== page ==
The new studies run counter to calculations based on observations of the early universe. Is this bad news for the standard cosmological model?
The Hubble constant expresses the universe’s present-day rate of expansion. There’s only one current expansion rate of the universe, but different studies are coming up with different answers for what it is.
Calculations based on observations of the early universe — namely, the cosmic microwave background (CMB) that is a sort of afterglow of the Big Bang — produce one answer for the Hubble constant. Observations of the “late universe” instead compare the distances of astronomical objects, often standard candles with known distances, to the speed those objects are moving away from us. The two techniques provide different answers, a discrepancy that has become known as the Hubble-constant tension.
No one knows why the early and late methods give different answers. At first, people thought that more and better measurements would cause the numbers to converge. But instead, in study after study, the error bars have shrunk to the point where the difference has become statistically significant.
The first and most precise measurements of the current expansion rate were made using standard candles, sources with known luminosity. If we know how luminous a source is, then we can reckon its distance according to how bright it appears. The two most widely used standard candles are Cepheid variable stars and Type 1a supernovae, but there are many others.
Two independent groups using data from the Hubble Telescope have just published new studies measuring the Hubble constant in different ways, yet their results match. The results give further credence to the late-universe consensus of an expansion rate around ~73 km/s/Mpc. But it also serves to deepen the tension, as studies published in the last decade calculating the rate from the properties of the CMB give an answer around ~67 km/s/Mpc. This may seem like no big deal, but the difference is big enough that some astrophysicists are calling it a “crisis for cosmology.”
The first study, led by Adam Riess (Space Telescope Science Institute), uses Cepheid variables, which are typically nearby, as a stepping stone to Type Ia supernovae, which can be seen much farther away. Using Hubble to measure Cepheids in galaxies hosting Type Ia supernovae, they measure the Hubble constant more precisely than any late-universe method has done so far.
The second study, led by John Blakeslee (NSF's NOIRLab), uses surface brightness fluctuations (SBF) of 63 elliptical galaxies to calculate the Hubble constant. These fluctuations were first suggested as a tool for measuring intergalactic distances in 1988, but this is the first time they’ve been used in this way. The astronomers selected the galaxies from the MASSIVE galaxy survey, a study of the 100 biggest galaxies within 300 million light-years.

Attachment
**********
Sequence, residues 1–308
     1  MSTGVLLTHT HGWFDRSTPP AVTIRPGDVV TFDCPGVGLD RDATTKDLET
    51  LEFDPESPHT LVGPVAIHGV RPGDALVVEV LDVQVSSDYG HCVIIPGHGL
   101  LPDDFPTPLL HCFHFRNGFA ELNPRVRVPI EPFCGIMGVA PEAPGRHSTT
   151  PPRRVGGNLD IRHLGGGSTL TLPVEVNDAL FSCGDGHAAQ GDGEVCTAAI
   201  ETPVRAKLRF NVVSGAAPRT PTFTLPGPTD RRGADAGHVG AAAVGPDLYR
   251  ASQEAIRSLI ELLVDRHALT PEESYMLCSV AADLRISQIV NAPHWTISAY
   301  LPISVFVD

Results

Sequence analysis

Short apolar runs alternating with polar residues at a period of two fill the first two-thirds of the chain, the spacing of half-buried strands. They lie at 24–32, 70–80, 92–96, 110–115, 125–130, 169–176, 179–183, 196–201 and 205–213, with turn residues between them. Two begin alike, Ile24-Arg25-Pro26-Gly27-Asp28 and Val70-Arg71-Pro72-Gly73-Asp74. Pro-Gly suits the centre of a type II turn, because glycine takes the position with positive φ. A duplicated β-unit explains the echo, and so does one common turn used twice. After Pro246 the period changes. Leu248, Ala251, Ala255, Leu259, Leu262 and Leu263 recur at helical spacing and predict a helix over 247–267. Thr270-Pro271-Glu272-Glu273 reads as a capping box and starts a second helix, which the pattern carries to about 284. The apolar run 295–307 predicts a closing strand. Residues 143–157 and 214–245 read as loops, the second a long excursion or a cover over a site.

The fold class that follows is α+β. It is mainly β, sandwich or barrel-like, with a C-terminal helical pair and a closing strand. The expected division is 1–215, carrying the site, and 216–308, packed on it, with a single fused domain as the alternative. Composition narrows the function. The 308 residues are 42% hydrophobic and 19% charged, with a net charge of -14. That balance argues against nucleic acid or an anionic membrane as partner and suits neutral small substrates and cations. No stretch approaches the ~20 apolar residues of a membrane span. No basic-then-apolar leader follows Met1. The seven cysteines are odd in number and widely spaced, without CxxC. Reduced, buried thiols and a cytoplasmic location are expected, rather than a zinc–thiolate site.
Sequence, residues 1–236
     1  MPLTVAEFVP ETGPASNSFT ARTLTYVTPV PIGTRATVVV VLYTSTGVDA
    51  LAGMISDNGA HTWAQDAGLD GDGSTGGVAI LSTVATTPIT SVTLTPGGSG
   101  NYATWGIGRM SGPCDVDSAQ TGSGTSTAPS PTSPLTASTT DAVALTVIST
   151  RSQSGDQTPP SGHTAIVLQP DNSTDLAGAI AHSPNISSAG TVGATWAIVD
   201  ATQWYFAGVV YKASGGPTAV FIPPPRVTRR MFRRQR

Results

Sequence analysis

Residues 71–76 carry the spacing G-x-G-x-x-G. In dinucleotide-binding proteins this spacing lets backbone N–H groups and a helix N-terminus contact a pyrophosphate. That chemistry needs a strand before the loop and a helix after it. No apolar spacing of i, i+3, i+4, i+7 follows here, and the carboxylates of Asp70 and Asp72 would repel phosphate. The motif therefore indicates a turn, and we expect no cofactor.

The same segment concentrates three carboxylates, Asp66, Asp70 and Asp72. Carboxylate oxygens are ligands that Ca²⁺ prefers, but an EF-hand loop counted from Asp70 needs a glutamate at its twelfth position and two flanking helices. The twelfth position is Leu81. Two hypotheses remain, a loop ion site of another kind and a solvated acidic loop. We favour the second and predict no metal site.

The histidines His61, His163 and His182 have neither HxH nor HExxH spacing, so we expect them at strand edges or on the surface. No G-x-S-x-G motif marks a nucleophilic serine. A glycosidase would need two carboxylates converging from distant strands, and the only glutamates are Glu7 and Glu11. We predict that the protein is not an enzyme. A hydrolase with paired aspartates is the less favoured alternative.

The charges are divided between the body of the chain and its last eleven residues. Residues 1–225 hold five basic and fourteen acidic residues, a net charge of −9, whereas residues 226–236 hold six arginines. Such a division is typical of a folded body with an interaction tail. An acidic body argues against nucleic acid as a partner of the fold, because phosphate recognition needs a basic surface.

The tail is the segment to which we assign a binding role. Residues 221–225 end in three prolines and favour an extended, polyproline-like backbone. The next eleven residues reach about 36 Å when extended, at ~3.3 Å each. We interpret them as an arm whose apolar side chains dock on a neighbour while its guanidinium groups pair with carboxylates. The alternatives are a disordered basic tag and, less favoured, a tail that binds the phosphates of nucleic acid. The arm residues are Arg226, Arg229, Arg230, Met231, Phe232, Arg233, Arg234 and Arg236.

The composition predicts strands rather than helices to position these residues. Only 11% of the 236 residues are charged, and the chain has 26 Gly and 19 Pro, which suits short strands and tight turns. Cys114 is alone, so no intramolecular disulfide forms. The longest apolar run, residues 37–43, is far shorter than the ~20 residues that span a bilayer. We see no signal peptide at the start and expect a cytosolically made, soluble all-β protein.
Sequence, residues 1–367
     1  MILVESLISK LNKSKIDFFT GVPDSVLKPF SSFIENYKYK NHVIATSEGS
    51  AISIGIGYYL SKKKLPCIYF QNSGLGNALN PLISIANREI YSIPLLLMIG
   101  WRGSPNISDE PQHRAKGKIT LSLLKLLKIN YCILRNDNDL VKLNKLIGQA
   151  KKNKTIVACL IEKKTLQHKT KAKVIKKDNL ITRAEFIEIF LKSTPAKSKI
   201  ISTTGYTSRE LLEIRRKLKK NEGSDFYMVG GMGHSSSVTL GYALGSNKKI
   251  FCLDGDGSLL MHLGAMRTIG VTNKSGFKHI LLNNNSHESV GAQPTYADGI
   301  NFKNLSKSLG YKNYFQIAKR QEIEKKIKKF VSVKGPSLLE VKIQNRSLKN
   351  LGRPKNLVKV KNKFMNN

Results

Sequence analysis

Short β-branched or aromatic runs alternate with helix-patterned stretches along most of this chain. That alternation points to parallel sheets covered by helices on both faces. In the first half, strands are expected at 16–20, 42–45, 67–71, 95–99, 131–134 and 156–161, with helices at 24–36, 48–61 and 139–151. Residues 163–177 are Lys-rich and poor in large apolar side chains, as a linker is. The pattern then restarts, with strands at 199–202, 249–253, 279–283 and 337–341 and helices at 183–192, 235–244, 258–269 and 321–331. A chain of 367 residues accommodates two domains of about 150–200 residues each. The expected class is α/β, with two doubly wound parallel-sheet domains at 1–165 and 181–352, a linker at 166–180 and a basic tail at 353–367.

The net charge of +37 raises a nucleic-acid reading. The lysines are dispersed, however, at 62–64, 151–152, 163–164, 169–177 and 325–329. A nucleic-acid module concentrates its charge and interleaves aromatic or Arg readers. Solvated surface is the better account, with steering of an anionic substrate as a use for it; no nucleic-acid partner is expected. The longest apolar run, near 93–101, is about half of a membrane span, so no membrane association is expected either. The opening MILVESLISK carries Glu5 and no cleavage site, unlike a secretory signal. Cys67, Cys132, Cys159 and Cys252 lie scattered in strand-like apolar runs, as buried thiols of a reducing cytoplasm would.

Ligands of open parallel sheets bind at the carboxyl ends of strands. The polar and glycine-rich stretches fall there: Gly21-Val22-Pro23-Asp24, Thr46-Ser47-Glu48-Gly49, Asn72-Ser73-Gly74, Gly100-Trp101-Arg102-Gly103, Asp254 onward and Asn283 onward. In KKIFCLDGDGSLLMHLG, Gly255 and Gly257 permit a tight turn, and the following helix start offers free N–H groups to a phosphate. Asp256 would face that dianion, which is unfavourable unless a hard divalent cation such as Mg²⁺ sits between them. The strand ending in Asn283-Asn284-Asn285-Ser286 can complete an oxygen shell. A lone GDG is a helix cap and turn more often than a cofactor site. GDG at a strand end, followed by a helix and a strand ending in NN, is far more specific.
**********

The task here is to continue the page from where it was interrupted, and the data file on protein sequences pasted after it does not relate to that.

The SBF method looks for the differences in brightness between pixels within an image of a galaxy. For nearby galaxies, there are relatively few stars per pixel, and the statistical fluctuations in the number of stars per pixel is higher. As a result, nearby galaxies appear somewhat "bumpy" in their light distributions. For more distant galaxies, there are many more stars per pixel and the pixel-to-pixel variations consequently are lower, making the galaxies smoother in appearance. The relative smoothness of one galaxy compared to another, which may appear similar in total brightness, is a good indication that the smooth one is farther away.
“Surface brightness fluctuation is an alternative to methods such as Type 1a supernovae,” Blakeslee says. “It can be calibrated independently, and it occurs in different kinds of galaxies.”
Resolving the Tension
Some astronomers, like George Efstathiou (University of Cambridge, UK) think that all the late-universe measurements have systematic problems. But the more studies that are published from different groups, using different independent techniques, and looking at different parts of the sky, the less likely it seems that they would all give the same wrong answer.
It doesn’t seem likely that there is a problem with the CMB calculation, either. The measurement from the European Space Agency’s Planck mission is considered to be one of the most elegant and well-supported pieces of physics ever. But if all the late-universe calculations have been done correctly as well, then this could mean something is wrong with the standard cosmological model itself.
“Cosmic microwave background radiation doesn't give a direct measurement of the Hubble constant today,” Blakeslee says. “It needs to be combined with a cosmological model, which can then predict the expansion history of the universe.” And it’s possible that something vital has been “lost in translation.”
Hsin-Yu Chen (MIT), a member of the LIGO collaboration, and the author of a few studies pioneering the use of gravitational waves to measure the current expansion rate, says that everyone disagrees about the nature of the disagreement between early and late universe measurements.
“Perhaps the discrepancy is from systematic errors,” she says. “Or maybe the standard cosmological model needs to be fixed. Maybe it is wrong. Everyone has their own opinion.”
With the LIGO and VIRGO collaborations restarting more advanced operations next year, there will be a wealth of new gravitational-wave detections to analyze. Chen predicts that enough events will be observed in the next few years to give a Hubble constant measurement with only a 2% margin of error.
And when the James Webb Space Telescope launches this year, it will provide improved data for all the late-universe techniques. Whether the future is bleak or bright for the standard cosmological model, it seems as though we will have clarity as to the true nature of the disagreement before long.